But purchasing Souq, which along with partners and couriers employs about 6,000 staff, will allow the US giant to fast track the entry of its core business into the Middle East, avoiding the headaches of organic growth. The strategy stands in contrast to other large markets such as India and China, where Amazon has chosen to grow its own platform.

Amazon's arrival in the Gulf states will allow customers to benefit from the sort of same or next day "fulfilment" now commonplace in much of the western world, utilising Souq's established network, including semi-autonomous fulfilment centres and technical offices in Jordan and India.

However, details of how Amazon will merge operations with Souq have yet to emerge, with questions still about whether it will retain what has become one of the Middle East's most recognised online brands since it was founded in 2005 by Syrian entrepreneur Ronaldo Mouchawar.

Amazon is expected to retain key employees but invest heavily to expand on Souq's existing set-up to "own the market," according to one person briefed on the plans.

Amazon already controls a large segment of the online delivery market from outside the region, using Dubai-based logistics group Aramex as a logistics partner, people aware of the matter say.

But local retailers and internet investors are not convinced that Amazon's scale will mean instant success in a market where local contacts are crucial to win support of suppliers.

In Noon, which already has almost 500 staff, Amazon faces a locally-savvy, well-financed local competitor — and one that since last year owns a stake in Aramex, its delivery partner, which counts Mr Alabbar among its more significant investors.

"The investment in Aramex reflects on the belief that ecommerce is about logistics," Mr Alabbar said at a banking conference earlier this month. The Middle East has been late in its adoption of ecommerce, he said, especially given the prevalence of smartphones among the youthful, digitally-savvy population.

The start-up is running a "soft" early launch of its fulfilment centre operating proprietary technology near the city's Al Maktoum International airport, promising to offer 20m products over time.

In a demonstration of his influence in the market, critics have even accused Mr Alabbar of putting pressure on retailers at Dubai Mall to place their products on his platform. He denies the charge, saying he has longstanding relations with brands which are happy to partner with Noon.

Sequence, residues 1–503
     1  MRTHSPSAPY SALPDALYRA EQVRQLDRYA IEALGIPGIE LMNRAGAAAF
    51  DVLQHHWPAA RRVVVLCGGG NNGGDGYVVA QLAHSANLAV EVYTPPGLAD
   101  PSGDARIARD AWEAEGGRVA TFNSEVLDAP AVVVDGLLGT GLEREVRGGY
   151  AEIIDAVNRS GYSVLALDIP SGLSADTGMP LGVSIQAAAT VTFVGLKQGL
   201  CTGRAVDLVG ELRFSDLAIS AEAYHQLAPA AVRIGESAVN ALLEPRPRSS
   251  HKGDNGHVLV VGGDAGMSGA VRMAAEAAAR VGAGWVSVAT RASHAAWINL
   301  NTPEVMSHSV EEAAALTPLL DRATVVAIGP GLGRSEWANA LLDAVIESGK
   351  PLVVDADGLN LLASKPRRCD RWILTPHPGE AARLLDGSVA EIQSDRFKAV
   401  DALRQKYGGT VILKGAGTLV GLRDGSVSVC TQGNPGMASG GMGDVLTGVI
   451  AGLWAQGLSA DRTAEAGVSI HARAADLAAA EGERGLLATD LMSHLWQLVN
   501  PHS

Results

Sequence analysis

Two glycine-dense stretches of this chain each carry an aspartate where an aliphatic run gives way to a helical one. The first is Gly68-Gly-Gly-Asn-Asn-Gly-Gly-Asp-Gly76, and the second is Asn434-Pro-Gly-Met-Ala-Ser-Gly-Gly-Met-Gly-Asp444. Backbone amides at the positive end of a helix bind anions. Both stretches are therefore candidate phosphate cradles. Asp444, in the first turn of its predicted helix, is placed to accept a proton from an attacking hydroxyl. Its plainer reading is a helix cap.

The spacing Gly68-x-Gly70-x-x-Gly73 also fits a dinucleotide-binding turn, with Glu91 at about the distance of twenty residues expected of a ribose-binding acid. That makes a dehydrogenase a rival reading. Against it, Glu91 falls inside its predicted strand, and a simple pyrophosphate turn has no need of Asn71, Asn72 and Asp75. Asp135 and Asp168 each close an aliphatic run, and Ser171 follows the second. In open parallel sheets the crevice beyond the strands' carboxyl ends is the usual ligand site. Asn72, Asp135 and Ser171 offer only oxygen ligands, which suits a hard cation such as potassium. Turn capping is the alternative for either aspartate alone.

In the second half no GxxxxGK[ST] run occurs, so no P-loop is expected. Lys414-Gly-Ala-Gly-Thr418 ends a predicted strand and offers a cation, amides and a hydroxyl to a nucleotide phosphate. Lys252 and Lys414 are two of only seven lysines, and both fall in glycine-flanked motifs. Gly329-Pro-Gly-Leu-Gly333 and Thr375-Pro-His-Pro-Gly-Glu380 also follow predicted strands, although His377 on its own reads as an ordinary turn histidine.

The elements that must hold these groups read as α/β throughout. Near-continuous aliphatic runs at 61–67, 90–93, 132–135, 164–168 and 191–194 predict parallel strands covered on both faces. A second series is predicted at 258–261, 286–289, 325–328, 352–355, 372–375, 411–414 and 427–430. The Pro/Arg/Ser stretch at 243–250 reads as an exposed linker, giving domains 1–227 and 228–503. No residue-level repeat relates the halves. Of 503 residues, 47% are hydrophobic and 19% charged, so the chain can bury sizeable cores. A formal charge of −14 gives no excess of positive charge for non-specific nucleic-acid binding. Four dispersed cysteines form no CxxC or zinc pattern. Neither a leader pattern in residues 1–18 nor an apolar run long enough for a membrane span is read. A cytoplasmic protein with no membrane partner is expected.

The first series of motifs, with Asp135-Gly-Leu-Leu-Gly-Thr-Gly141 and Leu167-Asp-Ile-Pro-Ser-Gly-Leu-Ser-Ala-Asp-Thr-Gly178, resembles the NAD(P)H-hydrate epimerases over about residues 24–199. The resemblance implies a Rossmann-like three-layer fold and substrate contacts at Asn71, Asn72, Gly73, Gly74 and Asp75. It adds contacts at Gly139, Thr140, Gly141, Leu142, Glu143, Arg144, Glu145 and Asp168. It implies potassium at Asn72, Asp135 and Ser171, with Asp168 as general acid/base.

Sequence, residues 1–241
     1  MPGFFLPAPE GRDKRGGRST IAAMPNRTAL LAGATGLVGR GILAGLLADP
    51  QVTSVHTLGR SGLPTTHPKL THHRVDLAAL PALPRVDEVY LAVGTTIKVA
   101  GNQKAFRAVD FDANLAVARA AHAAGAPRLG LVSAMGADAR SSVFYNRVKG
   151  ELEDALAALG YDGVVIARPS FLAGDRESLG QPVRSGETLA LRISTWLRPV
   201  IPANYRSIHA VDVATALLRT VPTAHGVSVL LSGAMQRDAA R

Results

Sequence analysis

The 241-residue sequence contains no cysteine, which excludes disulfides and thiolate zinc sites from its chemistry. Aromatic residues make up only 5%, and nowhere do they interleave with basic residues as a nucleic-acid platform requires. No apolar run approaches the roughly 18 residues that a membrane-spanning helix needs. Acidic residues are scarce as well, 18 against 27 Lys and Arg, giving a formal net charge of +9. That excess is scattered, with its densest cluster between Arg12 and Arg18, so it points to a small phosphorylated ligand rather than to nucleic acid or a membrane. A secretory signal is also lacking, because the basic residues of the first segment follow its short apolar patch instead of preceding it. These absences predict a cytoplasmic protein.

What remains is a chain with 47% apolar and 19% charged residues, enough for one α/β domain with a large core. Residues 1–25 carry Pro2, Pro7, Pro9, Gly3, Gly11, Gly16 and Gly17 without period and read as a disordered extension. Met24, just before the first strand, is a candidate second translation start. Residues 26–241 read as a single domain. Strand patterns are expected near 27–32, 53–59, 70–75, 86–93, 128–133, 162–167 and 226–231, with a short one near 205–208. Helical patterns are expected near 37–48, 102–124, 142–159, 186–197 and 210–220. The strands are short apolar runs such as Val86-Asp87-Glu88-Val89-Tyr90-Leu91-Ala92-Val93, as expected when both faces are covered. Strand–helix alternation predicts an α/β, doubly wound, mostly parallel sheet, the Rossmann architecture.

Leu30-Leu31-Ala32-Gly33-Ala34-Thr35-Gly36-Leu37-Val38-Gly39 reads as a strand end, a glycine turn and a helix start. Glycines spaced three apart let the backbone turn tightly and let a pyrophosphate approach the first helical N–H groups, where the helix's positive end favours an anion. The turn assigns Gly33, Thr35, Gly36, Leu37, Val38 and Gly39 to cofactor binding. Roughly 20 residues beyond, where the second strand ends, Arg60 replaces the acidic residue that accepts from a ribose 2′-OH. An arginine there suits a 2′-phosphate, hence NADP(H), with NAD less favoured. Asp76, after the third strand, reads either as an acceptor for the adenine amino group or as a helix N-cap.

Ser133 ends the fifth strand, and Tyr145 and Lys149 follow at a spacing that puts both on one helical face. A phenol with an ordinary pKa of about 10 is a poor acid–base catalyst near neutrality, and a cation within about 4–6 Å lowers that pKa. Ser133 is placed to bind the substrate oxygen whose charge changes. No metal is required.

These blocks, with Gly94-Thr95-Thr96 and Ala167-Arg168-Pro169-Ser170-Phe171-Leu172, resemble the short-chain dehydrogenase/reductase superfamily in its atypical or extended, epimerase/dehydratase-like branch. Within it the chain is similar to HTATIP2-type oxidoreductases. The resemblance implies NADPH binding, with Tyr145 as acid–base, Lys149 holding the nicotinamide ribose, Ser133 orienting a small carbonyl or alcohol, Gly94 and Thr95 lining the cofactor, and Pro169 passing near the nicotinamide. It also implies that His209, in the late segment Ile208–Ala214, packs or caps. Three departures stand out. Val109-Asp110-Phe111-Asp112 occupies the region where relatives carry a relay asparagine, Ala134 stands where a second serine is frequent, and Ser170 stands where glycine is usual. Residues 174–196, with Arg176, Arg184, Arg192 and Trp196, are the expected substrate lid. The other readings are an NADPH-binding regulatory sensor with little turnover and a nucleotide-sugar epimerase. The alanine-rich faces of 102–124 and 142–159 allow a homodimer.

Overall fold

Local business executives also say that Amazon — which uses its hefty global scale to bring down costs — may face resistance from local retailers. Many products offered by Amazon elsewhere are covered by exclusive agency agreements held by powerful local families, who may act against any attempt to undercut their margins.

Large bricks-and-mortar retailers, such as Al Futtaim Group, Majid al-Futtaim, Landmark and Alshaya, are also working on their own ecommerce strategies to meet upcoming competition from Amazon and Noon.

"While Amazon is clearly the juggernaut in the retail e-commerce space, it doesn't have the massive cross-channel opportunity of our 2,000-plus store network," says Savitar Jagtiani, Landmark's business head of ecommerce.

Local retailers still fear that Amazon's presence will challenge operations, which are already struggling with a subdued retail market as low oil prices and a strong US dollar dampen sentiment.

But this has led to some of the more ambitious to rethink their business models. In the Gulf, where malls also act as havens from the oppressive heat, operators are already diversifying away from retail to provide more "experiential" offerings such as food and entertainment.

"Amazon will be a major transformation, a whole new ball game, so mall operators will have to transform — and we are already doing that," says an executive at a senior retailer. "But this will accelerate things for sure."